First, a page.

Brad Marchand is, I think we can all agree, a bit of a bastard. Not for any of the reasons you think he is, because nobody’s asking you, but for what he did Monday night in the Boston Bruins’ 4-3 win over Washington.
At this point, you may be wracking your brain for what it could have been, and most of you would guess the stick exchange he had with Anthony Mantha in the second period, but he does stick stuff all the time; just ask Jake Dotchin’s groin about that. Or maybe it was the roughing penalty he took at the expense of Brenden Dillon, himself a bit of a bar fight in human form. But again, no big deal—Marchand has 925 career penalty minutes, plus six suspensions totaling 19 games, so he does that more often than merely routinely.
It isn’t how he starts fights he has no intention of getting involved in as part of his role as the game’s Amish Loki. It’s isn’t his smug face, with the nose he fashioned by slamming a piano lid down on it 25 times a day as a youth, or the fact that Bruins play-by-play man Jack Edwards risks a coronary any time he believes Marchand has been wronged by an official or opponent (or even righted), and by “any time” we of course mean “every time.” It is none of those things, and you’re all small-minded hatemongers for bringing any of them up.
What he did wrong last night was score the winning goal 39 seconds into overtime, which quite frankly is a horrible thing for anyone to do. Overtime is meant to be savored, not ruined as soon as the drink arrives by having the prick at the next table grab it off your table, drink it in one gulp and then run off, which is also something I fully imagine Marchand would do.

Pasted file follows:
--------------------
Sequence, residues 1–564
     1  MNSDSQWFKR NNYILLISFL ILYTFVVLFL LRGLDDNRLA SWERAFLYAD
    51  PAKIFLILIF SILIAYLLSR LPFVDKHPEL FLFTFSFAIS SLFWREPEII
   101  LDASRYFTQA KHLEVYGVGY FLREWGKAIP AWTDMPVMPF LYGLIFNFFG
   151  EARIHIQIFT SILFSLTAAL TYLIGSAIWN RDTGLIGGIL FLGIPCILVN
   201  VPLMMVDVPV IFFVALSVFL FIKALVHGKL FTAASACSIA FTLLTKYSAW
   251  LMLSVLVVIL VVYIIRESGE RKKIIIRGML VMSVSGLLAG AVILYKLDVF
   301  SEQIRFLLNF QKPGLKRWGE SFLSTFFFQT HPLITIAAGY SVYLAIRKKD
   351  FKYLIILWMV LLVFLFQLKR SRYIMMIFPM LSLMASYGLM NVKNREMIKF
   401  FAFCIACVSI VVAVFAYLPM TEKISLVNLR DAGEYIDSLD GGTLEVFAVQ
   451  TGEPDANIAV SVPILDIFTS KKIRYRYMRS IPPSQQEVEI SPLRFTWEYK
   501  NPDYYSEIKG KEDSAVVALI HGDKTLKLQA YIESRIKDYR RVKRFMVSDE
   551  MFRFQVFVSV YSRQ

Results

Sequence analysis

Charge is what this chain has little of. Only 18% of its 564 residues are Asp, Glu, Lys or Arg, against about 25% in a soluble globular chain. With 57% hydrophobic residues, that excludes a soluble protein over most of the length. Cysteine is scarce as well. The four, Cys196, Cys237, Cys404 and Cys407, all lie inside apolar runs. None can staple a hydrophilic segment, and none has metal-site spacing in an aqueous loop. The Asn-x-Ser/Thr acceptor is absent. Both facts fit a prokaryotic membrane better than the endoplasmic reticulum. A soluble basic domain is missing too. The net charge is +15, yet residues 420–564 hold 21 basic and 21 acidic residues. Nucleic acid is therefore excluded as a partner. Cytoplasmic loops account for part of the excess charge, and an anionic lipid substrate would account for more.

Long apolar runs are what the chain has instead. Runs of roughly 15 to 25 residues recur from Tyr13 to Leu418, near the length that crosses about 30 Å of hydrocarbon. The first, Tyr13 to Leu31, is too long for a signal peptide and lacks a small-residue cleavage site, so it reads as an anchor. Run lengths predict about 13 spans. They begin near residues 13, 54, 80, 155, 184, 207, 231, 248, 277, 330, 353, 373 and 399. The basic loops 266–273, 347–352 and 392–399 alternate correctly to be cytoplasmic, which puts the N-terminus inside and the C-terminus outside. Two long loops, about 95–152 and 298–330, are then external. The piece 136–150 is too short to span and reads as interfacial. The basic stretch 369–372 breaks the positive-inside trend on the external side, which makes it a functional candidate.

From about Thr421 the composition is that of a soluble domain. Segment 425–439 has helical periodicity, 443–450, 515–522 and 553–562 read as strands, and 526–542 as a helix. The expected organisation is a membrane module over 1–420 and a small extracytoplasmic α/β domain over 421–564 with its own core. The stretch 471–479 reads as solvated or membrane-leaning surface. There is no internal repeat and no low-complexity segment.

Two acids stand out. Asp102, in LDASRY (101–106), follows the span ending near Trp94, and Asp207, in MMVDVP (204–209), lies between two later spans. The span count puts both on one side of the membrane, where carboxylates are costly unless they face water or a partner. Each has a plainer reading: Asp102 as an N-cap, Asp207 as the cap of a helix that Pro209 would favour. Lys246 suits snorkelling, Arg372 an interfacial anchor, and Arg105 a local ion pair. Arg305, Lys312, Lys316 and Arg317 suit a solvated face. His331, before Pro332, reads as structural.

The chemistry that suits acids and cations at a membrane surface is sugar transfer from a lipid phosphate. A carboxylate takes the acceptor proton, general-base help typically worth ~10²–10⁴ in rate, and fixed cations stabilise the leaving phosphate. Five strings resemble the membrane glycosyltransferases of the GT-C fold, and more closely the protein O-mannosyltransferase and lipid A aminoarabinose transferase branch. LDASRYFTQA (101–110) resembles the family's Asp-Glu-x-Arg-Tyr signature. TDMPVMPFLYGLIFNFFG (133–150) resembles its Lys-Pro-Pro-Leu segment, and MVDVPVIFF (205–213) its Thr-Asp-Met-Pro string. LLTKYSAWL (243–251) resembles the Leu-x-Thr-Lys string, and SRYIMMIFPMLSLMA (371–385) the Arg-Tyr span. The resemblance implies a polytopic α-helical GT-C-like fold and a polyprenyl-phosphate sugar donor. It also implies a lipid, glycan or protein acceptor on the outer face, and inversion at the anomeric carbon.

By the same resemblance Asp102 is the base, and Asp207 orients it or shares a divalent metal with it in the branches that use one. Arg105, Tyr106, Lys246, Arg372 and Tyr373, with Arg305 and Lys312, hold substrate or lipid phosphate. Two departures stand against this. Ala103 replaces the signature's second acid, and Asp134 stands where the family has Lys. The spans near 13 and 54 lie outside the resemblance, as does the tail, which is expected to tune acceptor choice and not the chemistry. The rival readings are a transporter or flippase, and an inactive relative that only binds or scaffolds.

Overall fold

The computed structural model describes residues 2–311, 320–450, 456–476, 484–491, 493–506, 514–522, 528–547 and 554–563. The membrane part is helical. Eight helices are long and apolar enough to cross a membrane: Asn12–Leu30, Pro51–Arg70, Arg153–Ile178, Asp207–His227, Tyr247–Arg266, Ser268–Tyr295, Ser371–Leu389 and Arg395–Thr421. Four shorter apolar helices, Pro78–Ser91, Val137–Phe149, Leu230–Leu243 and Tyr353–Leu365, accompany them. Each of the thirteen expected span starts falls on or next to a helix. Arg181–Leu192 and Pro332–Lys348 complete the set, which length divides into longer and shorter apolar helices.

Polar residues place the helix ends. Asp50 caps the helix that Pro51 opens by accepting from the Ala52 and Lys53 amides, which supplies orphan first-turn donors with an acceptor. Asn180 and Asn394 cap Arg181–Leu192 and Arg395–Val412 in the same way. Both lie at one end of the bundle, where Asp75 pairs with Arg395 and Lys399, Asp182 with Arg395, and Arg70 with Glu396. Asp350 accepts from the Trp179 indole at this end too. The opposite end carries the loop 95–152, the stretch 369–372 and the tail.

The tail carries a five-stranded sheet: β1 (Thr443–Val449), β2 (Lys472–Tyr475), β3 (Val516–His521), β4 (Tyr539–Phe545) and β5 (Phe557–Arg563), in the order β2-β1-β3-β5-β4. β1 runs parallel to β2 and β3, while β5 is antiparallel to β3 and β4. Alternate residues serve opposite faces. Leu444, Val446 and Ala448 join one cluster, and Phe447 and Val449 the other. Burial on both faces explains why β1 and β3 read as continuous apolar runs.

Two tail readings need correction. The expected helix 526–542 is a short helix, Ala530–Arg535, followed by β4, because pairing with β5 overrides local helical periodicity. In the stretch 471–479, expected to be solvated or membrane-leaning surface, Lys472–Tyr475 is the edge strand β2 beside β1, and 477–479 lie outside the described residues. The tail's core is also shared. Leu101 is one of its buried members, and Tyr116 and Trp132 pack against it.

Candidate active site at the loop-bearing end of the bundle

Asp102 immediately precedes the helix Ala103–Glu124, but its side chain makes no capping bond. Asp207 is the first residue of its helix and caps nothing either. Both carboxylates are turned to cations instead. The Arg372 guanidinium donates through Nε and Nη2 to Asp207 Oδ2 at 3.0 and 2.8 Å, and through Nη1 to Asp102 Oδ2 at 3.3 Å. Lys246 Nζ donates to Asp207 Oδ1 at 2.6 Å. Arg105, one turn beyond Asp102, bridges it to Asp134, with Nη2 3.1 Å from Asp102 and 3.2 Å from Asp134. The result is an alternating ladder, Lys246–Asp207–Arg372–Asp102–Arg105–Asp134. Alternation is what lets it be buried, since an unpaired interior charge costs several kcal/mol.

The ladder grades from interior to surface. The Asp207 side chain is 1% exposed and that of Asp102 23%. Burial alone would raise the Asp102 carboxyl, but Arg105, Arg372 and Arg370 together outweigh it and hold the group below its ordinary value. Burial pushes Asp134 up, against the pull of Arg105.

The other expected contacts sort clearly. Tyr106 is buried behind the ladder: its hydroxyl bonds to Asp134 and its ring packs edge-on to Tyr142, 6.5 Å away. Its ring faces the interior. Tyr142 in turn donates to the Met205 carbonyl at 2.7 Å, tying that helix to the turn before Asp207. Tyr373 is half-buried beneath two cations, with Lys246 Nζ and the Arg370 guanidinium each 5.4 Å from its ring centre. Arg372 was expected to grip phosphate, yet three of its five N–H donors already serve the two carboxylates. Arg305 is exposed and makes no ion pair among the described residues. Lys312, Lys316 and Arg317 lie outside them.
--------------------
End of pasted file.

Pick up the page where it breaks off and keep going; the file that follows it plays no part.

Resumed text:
Now don’t misunderstand, oh miscellaneous Bruins fan killing time between court appearances. I don’t care THAT he actually scored the goal, but WHEN he did. It’s that he did it like he had a Lyft waiting outside the arena. Thirty-nine seconds isn’t overtime. It’s not enough time to get the Zamboni off the ice, and threatens to crush the typically thin-clad elves who help squeegee the surface after the Zamboni leaves. NBC’s John Forslund was barely out of the press box men’s room when Marchand scored, and he was still holding the wet paper towel with which he washed his hands. Frankly, it is a measure of his stern professionalism that he didn’t describe the goal by saying, “Well, shit. Now to Kathryn Tappen in the studio.”
Multiple overtimes are an article of faith for all right-thinking hockey fans, of which I must sadly report that Comrade Theisen is not. She has described short overtimes as, and I’m quoting here, “like when the teacher dismisses you before the bell,” a blasphemy which ought to be legally actionable on its face and worthy of six months at the Making Small Rocks Out Of Big Ones Prison Farm. In fairness to her, though, her twin devotions to the Ottawa Senators and Detroit Red Wings (in that order) has seared her sensibilities because she hasn’t seen a playoff game in four years.